Whose paintings are these
Provenance / outsourcing / exhibitions
Rembrandt Harmensz van Rijn, The Rape of Proserpine, reverse side of the picture
As a successful 17th century painter, Rembrandt is comparatively well documented, which sometimes simplifies research into the origins and history of his works. However, since questions of attribution and the changing appreciation play a central role within Rembrandt research, the thorough processing of the provenance as well as the relocation and exhibition history of individual works is of particular importance here. In addition, relevant findings enable important insights into the physical history and thus also a better understanding of the current state of preservation of the image.
The focus is therefore on questions such as:
Who was the owner of the work before it came to the Gemäldegalerie?
Where and by whom was the painting sold or auctioned? Are there any indications of the origin of the work directly on the object in question (lettering on the back, seals, labels, artist and owner notices)? Are there references to previous owners in sales documents, auction and exhibition catalogs, archives or letters? Is there additional, handwritten information in auction or collection catalogs? Has the image been dragged or outsourced? At which exhibitions and in which context was the painting shown? Has the painting always been attributed to the same artist? Was there a change in the title of the picture?
Rembrandt Harmensz van Rijn, Simson and Delila (inventory sheet on the back of the picture), around 1628, oak wood, 61.4 x 50 cm, Gemäldegalerie, Staatliche Museen zu Berlin
The back of the picture often provides numerous indications of the provenance of a painting through attached inventory lists, wax seals, chalk marks, signatures, etc. On the back of the Simson and Delilah painting there is an inventory list of the former Prussian castles. The number "2828" visible here refers to the general catalog as a directory of the various Prussian castles from 1883. With the help of this information, not only can the origin of the former royal property be proven, but also the location of the painting in 1883 found: in this case the Berlin Palace.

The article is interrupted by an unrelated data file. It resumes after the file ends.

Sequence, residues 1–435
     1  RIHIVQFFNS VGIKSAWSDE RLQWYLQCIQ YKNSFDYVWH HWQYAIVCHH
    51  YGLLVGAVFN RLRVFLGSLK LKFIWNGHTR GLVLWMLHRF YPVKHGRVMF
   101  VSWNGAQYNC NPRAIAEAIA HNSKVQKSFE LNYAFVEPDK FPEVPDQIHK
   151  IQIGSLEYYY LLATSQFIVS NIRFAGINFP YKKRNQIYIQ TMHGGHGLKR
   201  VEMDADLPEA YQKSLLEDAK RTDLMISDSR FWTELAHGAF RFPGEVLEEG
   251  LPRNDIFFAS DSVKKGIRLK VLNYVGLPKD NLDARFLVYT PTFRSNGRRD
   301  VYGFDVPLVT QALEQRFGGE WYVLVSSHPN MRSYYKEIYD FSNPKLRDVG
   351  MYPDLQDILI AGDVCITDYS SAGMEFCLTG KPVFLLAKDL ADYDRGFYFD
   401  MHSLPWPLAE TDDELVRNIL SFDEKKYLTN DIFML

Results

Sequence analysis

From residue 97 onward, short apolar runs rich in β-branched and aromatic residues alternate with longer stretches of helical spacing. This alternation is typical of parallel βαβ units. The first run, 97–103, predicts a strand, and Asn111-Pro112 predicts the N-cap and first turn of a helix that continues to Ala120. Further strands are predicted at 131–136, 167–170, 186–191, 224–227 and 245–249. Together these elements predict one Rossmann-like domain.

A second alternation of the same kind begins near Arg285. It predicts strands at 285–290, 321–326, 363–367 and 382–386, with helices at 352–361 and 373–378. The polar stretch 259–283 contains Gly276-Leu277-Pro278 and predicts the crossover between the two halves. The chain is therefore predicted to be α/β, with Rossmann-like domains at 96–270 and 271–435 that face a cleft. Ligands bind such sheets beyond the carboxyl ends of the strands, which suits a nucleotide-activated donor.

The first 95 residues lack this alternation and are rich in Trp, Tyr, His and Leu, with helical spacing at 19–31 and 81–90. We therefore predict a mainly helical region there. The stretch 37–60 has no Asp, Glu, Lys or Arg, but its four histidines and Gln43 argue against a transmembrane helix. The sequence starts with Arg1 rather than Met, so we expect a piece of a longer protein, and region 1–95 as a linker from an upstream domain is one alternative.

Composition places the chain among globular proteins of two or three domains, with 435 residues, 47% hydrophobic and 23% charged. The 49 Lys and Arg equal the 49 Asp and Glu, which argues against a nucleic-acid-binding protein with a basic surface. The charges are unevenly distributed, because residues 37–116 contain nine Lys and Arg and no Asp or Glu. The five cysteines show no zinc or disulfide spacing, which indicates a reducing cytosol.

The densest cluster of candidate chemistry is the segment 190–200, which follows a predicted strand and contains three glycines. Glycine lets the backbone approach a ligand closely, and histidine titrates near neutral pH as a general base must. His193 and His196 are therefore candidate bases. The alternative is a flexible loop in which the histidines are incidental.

Index card that documents the whereabouts of the painting “Simson and Delila” in the “Central Art Collecting Point Wiesbaden”.
Towards the end of the Second World War, the Berlin painting holdings of the Kaiser Friedrich Museum were transported from Berlin in the spring of 1945 and stored in the Hattorf / Ransbach mine or in the Kaiseroda-Merkers salt mine. Here they were discovered by the Americans and confiscated. The collection was then transferred to the State Museum in Wiesbaden, where the so-called “Central Art Collecting Point Wiesbaden” had been set up. The works of art were delivered, recorded and registered here. The number "WIE 131/79/2" visible on the top right of the index card is the Wiesbaden registration number of the Berlin Simson and Delila painting. In 1956 the holdings of the Berlin Gemäldegalerie were officially transferred to the trust custody of Berlin and the repatriation of the works of art from Wiesbaden to Berlin could begin.
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